Business Continuity Plan
Does your organisation have a workable Business Continuity plan?
Business Continuity still seems to be an area of a business that is sometimes neglected, that is until it is too late to be effective in terms of responding to an incident! As a company we receive multiple enquiries in terms of assisting an organisation to write, develop and also maintain their internal business continuity plan.
Business Continuity Plan
Every organisation regardless of their size should have a working Business Continuity plan. A Business Continuity plan consists of the documented procedures needed should an incident be realised i.e. what to do in the event of something going wrong. Not having any form of plan, policy or management document means that an organisation is highly susceptible to real world threats and also that the organisation will in most cases be unprepared.
Business Impact Analysis
For any Business Continuity plan, then one of the main starting points is that of conducting a Business Impact Analysis (BIA). A Business Impact Analysis will allow an organisation to:
– Increase backing from all senior management and departments in terms of Business Consultancy planning and implementation.
– Identify what is important and what is not, it is worth noting that not every part of the business needs planning for!
– Identify and confirm which resources within the organisation are important, this could include staff, equipment, assets etc.
– Determine which areas of the business are a priority in terms of what is critical and what is not. As stated, not all the areas of a business need to be recovered with immediate effect and it should be those that are critical that should be focused on as to not waste time and resources mapping the entire organisation, remember that our aim is to ensure business continuity.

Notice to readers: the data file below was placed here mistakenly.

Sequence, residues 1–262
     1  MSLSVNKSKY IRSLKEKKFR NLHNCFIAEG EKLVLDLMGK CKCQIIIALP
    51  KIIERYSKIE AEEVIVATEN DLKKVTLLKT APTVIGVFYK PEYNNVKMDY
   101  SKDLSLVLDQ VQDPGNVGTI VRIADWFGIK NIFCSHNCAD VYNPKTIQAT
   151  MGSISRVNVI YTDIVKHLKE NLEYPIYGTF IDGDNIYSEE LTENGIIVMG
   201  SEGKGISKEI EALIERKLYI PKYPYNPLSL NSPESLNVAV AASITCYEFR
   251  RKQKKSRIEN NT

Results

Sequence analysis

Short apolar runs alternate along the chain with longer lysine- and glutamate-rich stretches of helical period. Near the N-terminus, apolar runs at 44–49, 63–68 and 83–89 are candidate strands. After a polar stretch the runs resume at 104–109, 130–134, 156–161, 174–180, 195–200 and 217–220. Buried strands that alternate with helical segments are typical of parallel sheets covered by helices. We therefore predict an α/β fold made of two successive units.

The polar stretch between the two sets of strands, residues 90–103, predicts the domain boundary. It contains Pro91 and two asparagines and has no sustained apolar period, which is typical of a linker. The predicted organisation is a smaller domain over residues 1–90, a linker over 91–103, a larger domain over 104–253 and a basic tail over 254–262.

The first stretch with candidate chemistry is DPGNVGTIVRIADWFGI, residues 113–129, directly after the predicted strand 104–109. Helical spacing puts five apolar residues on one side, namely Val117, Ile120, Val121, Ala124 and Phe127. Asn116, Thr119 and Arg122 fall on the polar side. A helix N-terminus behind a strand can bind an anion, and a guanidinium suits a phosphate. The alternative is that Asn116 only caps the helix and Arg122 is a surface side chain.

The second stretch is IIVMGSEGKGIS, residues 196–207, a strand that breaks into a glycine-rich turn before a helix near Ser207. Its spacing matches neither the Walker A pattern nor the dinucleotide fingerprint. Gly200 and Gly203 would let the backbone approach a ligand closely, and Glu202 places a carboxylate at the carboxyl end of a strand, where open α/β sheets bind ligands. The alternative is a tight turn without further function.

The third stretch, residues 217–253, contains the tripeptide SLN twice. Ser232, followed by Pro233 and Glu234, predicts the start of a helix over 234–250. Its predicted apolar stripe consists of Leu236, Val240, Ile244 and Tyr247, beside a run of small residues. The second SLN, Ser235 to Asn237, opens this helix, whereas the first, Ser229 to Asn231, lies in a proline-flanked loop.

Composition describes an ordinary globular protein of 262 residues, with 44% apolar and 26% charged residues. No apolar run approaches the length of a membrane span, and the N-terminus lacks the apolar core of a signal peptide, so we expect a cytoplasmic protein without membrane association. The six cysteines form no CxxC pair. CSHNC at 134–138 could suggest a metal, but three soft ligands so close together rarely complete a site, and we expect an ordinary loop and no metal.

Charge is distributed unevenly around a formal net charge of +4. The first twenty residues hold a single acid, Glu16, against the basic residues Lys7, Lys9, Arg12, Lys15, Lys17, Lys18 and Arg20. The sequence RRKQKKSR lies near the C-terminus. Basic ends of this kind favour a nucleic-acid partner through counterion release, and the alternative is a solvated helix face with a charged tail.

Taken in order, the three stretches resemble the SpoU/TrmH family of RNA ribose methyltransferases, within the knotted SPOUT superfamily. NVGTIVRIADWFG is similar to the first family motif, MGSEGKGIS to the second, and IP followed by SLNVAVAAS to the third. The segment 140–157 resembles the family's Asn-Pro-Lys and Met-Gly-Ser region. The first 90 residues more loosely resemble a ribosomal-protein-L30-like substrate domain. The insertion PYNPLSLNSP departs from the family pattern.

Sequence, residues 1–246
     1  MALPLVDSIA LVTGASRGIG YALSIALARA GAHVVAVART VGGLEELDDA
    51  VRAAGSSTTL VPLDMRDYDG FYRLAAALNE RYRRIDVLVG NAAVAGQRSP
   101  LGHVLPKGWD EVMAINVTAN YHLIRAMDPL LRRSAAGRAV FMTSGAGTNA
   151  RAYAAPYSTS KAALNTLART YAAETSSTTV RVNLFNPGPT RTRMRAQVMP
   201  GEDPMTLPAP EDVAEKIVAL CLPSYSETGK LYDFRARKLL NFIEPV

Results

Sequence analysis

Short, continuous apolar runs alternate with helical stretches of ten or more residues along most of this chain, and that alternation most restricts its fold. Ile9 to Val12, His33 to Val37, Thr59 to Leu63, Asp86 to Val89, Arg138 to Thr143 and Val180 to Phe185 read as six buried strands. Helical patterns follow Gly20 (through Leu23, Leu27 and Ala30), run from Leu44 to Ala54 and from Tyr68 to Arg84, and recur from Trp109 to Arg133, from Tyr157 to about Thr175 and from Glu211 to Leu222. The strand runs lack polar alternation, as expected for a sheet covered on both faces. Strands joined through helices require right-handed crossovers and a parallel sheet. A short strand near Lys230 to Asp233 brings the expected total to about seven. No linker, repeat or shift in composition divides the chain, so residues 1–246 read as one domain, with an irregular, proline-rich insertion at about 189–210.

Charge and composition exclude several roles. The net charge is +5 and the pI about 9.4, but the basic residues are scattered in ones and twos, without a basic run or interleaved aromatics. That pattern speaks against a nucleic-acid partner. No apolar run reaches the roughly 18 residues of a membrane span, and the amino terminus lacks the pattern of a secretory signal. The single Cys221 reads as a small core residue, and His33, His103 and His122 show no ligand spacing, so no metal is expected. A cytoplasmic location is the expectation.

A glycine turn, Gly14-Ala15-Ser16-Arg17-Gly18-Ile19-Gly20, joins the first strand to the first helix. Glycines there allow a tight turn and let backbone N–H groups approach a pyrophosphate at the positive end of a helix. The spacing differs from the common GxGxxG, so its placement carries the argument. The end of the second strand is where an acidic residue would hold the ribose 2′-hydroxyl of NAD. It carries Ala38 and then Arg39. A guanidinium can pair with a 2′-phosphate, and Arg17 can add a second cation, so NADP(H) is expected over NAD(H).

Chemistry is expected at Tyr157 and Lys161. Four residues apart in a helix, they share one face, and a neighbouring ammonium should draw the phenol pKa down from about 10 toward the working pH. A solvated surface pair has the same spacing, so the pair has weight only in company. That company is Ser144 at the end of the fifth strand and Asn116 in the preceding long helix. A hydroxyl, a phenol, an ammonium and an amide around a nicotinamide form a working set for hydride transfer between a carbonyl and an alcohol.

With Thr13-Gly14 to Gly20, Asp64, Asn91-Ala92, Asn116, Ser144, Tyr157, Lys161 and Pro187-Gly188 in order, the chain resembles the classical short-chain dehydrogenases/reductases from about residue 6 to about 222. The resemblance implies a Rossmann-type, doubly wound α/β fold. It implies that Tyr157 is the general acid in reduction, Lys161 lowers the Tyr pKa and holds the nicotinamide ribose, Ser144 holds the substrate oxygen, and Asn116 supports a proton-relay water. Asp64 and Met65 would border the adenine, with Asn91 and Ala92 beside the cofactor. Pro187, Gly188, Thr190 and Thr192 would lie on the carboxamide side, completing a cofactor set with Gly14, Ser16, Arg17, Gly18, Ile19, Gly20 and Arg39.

– Identify and assess the threats to the organisation, more importantly which of the risks from such threats will need to be mitigated or accepted by the board.
It is important that Business Continuity is integrated into the strategy of an organisation, meaning that the organisation understands its position in terms of Business Continuity as agreed by the board and senior management.
Some examples of BCM strategy are:
– Emphasis on business being restored after an incident or outage, including to an acceptable level of operational output.
– Communication channels will continue to be regardless of loss of certain communication methods.
– Alternative locations will be accessible in the event of closure or loss of primary location.
As you can see, these examples outline strategic intent and with direction from the top of the organisation, in turn creating a healthy appetite for Business Continuity.
Helping your company to be more prepared
It can difficult to navigate a successful Business Continuity plan for any organisation and one of the main hurdles is knowing where to start! Business Guard aims to simplify the entire process and assist organisations by providing advice and guidance on how to draw together the knowledge and procedures required for a Business Continuity plan.
Let us help you by leading the way…